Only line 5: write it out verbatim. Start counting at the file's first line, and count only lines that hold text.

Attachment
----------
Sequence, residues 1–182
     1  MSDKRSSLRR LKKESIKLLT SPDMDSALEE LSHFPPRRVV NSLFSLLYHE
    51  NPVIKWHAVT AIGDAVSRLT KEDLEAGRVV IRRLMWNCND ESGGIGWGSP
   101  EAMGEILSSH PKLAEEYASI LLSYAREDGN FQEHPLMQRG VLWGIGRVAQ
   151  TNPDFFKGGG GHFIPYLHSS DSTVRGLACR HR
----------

   151  TNPDFFKGGG GHFIPYLHSS DSTVRGLACR HR